ENMU to host All-State Jazz event

Argen Duncan

For the first time ever, Eastern New Mexico University is hosting the All-State Jazz event this weekend.

Organizer Michael Ellzey, an ENMU assistant professor of trumpet, said 54 high school students who had been chosen by audition, plus accompanying band directors, would arrive Friday. The students are to rehearse Friday night, all day Saturday and Sunday morning, before performing a public concert Sunday afternoon.

Clovis High School students Bryan Wygant and Jacob Caffrey are among those participating. Ellzey wasn’t aware of other participants from the area in All-State Jazz this year.

The New Mexico Jazz Educators Association is co-sponsoring the 27th annual event with ENMU.

In past years, All-State Jazz events took place in Las Cruces or Albuquerque, according to a news release from ENMU.

Ellzey said ENMU couldn’t host All-State Jazz before because it had only two large venues, the band room and Buchanan Hall, for the three jazz ensembles to practice. However, the remodel of the Music Building added a large refurbished choir room.

Along with the renovated Music Building, New Mexico Jazz Educators Association President Pancho Romero said, the organization likes to rotate All-State Jazz to universities around the state, and it was about time ENMU hosted the event.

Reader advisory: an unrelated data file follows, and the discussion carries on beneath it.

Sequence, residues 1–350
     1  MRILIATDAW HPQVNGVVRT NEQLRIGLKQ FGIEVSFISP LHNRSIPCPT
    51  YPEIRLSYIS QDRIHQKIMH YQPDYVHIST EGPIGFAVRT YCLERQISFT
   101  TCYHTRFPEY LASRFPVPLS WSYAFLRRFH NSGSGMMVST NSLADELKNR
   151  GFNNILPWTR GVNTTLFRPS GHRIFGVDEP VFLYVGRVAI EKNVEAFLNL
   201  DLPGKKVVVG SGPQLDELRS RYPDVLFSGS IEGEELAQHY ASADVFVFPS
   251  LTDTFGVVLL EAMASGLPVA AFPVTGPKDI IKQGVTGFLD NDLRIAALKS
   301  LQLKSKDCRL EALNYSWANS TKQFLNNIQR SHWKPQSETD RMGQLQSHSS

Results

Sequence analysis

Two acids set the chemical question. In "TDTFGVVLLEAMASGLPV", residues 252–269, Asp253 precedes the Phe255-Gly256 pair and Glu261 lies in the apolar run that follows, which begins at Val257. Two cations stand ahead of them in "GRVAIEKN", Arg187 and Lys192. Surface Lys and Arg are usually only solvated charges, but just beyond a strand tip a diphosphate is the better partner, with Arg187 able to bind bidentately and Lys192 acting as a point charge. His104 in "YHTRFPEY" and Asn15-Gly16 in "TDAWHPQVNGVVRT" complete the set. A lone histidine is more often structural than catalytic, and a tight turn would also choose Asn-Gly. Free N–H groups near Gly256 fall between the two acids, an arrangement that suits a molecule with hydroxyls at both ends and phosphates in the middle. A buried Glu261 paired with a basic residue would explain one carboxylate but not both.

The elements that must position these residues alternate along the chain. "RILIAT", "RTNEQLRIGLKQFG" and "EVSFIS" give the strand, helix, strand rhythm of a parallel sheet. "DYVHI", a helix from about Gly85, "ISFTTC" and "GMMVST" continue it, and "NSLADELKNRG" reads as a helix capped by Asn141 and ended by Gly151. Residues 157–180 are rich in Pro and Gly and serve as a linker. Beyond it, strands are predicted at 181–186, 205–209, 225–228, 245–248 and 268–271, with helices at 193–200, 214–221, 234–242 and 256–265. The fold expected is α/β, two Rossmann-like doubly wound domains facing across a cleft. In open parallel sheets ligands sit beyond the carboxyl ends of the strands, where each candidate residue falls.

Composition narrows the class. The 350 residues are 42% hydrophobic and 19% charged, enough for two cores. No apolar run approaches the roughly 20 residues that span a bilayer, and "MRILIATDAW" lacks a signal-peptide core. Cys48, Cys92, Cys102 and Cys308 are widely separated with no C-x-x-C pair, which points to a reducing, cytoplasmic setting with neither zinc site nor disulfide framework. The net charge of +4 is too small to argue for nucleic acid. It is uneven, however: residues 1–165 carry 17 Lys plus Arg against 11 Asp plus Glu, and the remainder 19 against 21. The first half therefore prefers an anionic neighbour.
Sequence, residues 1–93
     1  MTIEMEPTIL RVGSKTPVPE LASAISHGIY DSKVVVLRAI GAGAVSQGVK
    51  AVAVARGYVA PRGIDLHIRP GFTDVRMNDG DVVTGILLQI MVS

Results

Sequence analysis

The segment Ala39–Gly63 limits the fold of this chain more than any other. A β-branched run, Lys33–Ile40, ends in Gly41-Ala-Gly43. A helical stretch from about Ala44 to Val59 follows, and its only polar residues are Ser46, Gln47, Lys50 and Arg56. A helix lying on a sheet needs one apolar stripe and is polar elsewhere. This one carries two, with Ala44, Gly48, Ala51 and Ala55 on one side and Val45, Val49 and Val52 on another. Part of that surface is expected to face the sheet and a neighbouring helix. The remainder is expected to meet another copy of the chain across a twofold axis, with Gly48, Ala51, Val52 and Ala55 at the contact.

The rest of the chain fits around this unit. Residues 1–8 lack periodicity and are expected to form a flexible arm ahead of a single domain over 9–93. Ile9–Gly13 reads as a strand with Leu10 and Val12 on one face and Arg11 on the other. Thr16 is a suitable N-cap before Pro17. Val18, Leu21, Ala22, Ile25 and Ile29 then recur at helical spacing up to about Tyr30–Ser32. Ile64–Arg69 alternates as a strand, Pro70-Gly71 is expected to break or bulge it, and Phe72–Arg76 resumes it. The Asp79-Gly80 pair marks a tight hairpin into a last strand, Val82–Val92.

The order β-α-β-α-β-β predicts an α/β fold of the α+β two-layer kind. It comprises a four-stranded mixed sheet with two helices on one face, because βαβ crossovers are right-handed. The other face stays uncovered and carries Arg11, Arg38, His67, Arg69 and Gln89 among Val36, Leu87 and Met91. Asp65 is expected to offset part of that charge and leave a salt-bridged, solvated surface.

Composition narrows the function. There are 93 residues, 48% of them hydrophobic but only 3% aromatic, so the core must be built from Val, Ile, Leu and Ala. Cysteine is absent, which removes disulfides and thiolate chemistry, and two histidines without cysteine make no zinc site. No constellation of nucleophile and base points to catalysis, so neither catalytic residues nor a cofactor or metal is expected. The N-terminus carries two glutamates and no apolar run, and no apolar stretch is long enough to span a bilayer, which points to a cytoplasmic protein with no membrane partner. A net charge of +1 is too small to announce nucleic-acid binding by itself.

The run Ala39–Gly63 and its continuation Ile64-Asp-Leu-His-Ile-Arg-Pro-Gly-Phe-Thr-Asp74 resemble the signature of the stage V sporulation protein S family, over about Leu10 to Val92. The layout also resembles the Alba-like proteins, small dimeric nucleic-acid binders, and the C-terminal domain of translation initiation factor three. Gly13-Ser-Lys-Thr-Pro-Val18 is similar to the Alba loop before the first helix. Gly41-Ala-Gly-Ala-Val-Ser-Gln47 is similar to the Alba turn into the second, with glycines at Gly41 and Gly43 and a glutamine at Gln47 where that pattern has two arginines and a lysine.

Ellzey said the Music Department was excited to host All-State Jazz.

“I think our biggest thing was the honor of having it here,” he said.

Ellzey also said the event would provide good exposure and recruiting opportunities for ENMU.

The finale concert features all three bands, which are divided by skill level, playing back to back.

“The pieces are selected by the guest conductors to reflect the finer points of jazz and showcase the talents of the students,” according to the news release.

Ellzey said each ensemble would perform for 20-25 minutes.

“It should be a good afternoon of music,” he said.

Romero said the importance of the weekend was the element of jazz.

“Jazz is one of America’s original art forms,” he said, adding that its preservation is important to everyone, and high school is good place to start.

All-State Jazz is a rare opportunity to play with other students, Romero said. He said it brings together the best jazz students in the state to work under clinicians from outside the area and be exposed to new ideas and music.